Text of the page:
Sligo Leitrim TD, Tony Mc Loughlin has warmly welcomed the announcement from the Minister for Environment, Community and Local Government, Phil Hogan that Irish Water has announced details of its capital programme which covers the period up to the end of 2016.
Leitrim will see funding projects costing €6,687,000; this will include the expansion of the North Leitrim Regional Water Supply Scheme, Water Treatment Plant expansions, Pipelines/Reservoir in Rossinver and Kiltyclogher which is expected to cost €5,107,400.
The Capital Programme further proposes the funding of the Manorhamilton Sewerage Scheme Wastewater Treatment Plant, upgrade for Manorhamilton and Mohill with a predicted cost of €1,580,000.
Existing Wastewater Treatment Plants in Leitrim that will also be considered for minor upgrades are Ballinamore and Mohill where some minor problems currently exist.
According to Minister Hogan, approximately €1.7 billion will be invested in water infrastructure during the period 2014-2016. This figure includes the additional €200 million that Phil Hogan secured from Government last week. This is a rolling programme and the nature of this type of programme is that it allows flexibility in relation to the commencement of projects.
“Years of under investment by Fianna Fáil in water services and the lack of political will to introduce charges have brought us to where we are now. We have taken the hard decisions and we must press on with our programme of reform,” stated Deputy Mc Loughlin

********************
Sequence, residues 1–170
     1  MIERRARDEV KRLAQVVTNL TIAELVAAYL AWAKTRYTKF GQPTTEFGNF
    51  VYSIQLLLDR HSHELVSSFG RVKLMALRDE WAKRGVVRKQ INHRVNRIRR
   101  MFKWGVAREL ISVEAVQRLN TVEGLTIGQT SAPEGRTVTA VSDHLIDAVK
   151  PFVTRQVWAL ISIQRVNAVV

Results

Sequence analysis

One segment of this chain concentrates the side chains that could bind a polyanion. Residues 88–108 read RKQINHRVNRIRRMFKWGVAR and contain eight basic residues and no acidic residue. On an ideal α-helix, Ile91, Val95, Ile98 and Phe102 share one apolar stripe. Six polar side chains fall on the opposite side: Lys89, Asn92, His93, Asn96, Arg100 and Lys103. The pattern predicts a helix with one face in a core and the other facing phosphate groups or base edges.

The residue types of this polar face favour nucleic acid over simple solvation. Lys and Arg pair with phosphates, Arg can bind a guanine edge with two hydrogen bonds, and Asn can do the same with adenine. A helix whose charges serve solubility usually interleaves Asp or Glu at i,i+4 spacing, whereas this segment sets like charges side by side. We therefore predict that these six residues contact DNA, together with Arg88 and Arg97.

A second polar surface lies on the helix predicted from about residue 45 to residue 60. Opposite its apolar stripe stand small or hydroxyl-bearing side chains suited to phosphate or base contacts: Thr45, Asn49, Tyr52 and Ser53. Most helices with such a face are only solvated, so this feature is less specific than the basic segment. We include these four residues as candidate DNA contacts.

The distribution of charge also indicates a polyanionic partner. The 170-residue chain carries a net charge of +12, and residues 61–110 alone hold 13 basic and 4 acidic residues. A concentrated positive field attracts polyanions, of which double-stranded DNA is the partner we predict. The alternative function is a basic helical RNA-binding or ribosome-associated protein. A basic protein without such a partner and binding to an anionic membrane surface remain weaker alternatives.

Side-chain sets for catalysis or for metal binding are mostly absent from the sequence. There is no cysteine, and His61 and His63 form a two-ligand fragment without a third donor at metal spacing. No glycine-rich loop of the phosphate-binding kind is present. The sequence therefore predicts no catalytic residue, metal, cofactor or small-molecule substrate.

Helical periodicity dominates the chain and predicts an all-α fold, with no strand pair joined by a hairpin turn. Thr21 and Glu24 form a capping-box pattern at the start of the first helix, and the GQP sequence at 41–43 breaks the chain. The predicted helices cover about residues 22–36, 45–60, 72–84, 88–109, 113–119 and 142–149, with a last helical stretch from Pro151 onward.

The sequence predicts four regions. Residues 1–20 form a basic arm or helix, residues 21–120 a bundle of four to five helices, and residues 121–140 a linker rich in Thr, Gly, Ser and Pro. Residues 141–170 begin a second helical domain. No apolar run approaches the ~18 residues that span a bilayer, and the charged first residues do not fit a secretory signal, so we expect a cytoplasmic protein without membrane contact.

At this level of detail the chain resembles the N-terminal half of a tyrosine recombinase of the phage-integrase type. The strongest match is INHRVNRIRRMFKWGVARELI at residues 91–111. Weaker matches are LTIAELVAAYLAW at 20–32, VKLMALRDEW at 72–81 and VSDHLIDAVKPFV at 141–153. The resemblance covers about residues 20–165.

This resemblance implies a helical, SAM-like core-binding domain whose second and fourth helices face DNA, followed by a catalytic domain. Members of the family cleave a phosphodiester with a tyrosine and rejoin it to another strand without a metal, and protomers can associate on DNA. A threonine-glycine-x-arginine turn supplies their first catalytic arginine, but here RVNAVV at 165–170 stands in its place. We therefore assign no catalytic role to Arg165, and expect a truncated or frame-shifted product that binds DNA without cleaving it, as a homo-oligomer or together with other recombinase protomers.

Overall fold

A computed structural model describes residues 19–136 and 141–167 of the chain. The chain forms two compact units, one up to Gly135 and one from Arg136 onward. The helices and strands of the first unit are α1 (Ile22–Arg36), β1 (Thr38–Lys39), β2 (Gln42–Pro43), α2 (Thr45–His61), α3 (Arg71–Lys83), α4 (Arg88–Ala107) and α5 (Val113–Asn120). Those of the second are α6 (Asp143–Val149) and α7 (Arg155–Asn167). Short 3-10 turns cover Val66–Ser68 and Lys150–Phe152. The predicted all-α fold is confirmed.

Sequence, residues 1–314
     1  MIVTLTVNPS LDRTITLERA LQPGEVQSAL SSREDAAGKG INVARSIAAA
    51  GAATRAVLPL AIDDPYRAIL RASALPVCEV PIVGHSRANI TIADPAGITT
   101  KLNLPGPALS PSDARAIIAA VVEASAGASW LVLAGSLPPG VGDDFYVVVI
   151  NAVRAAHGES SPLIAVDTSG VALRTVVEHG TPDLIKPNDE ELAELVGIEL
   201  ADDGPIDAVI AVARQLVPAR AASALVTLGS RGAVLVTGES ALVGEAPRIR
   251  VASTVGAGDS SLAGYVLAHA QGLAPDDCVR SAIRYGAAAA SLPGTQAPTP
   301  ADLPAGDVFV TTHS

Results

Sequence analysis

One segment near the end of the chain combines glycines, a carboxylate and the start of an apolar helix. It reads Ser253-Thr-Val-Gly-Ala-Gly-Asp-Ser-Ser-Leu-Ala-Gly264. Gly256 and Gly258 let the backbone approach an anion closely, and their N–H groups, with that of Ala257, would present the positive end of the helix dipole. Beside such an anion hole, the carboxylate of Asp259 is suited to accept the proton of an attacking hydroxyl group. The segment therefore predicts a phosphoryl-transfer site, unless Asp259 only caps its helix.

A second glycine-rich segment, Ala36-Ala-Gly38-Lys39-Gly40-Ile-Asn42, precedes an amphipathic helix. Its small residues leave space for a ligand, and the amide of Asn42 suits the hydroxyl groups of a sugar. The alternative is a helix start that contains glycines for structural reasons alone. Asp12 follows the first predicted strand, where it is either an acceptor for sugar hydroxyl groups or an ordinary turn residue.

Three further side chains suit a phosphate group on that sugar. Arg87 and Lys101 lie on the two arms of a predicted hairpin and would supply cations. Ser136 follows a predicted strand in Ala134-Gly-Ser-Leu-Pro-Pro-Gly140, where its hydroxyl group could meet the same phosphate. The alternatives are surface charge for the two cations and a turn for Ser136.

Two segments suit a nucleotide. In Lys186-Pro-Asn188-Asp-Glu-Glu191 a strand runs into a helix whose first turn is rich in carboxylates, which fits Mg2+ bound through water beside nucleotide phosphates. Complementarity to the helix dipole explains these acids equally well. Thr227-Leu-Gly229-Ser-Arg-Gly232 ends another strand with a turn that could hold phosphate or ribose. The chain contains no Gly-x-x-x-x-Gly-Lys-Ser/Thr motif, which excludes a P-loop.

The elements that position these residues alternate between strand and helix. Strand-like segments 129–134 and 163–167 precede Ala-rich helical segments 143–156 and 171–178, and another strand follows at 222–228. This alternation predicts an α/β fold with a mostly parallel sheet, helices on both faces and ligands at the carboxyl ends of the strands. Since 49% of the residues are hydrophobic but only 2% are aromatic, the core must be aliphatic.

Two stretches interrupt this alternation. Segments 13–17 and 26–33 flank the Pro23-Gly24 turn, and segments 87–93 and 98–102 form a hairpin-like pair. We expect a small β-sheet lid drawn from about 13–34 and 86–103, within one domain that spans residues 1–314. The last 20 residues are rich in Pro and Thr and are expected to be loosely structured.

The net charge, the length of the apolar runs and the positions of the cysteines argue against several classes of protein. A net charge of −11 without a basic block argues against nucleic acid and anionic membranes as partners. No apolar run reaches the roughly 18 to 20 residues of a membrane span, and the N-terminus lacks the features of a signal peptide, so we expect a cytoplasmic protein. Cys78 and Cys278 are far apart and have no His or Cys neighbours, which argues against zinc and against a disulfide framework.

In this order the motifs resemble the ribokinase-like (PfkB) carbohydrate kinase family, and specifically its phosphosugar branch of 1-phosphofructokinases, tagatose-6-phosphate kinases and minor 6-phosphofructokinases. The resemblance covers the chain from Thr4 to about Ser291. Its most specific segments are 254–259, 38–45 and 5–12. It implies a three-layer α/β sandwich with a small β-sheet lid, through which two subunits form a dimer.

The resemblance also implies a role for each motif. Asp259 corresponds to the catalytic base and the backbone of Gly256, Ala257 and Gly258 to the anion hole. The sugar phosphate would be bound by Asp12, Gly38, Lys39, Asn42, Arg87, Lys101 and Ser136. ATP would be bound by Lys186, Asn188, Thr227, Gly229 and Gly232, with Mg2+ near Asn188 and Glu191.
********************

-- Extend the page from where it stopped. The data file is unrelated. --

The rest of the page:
“I am pleased to see the roll out of such important projects especially the North Leitrim Water scheme upgrade. We have established Irish Water, the domestic water metering programme is underway and we are starting to increase the capital spend.
“This programme will see progress and delivery of 380 projects nationally. It will also assist in the ending of boil water notices, the rollout of a conservation programme to deal with leaks, the provision of a secure supply of pristine drinking water for households and a reliable supply of water to industry which is not just attractive to potential investors in the Irish economy, but an essential prerequisite,” concluded Tony Mc Loughlin.
Irish Water has promised to eliminate most boil notices by the end of 2015 and the remainder by the end of the following year. The utility company said the elimination of boil notices was its first priority.
Some boil notices have been in place for eight years. Irish Water’s Head of Communications, Elizabeth Arnett, said up to 20,000 people were still affected by boil notices.
More than 700 million litres of water is being lost per day through leaking pipes.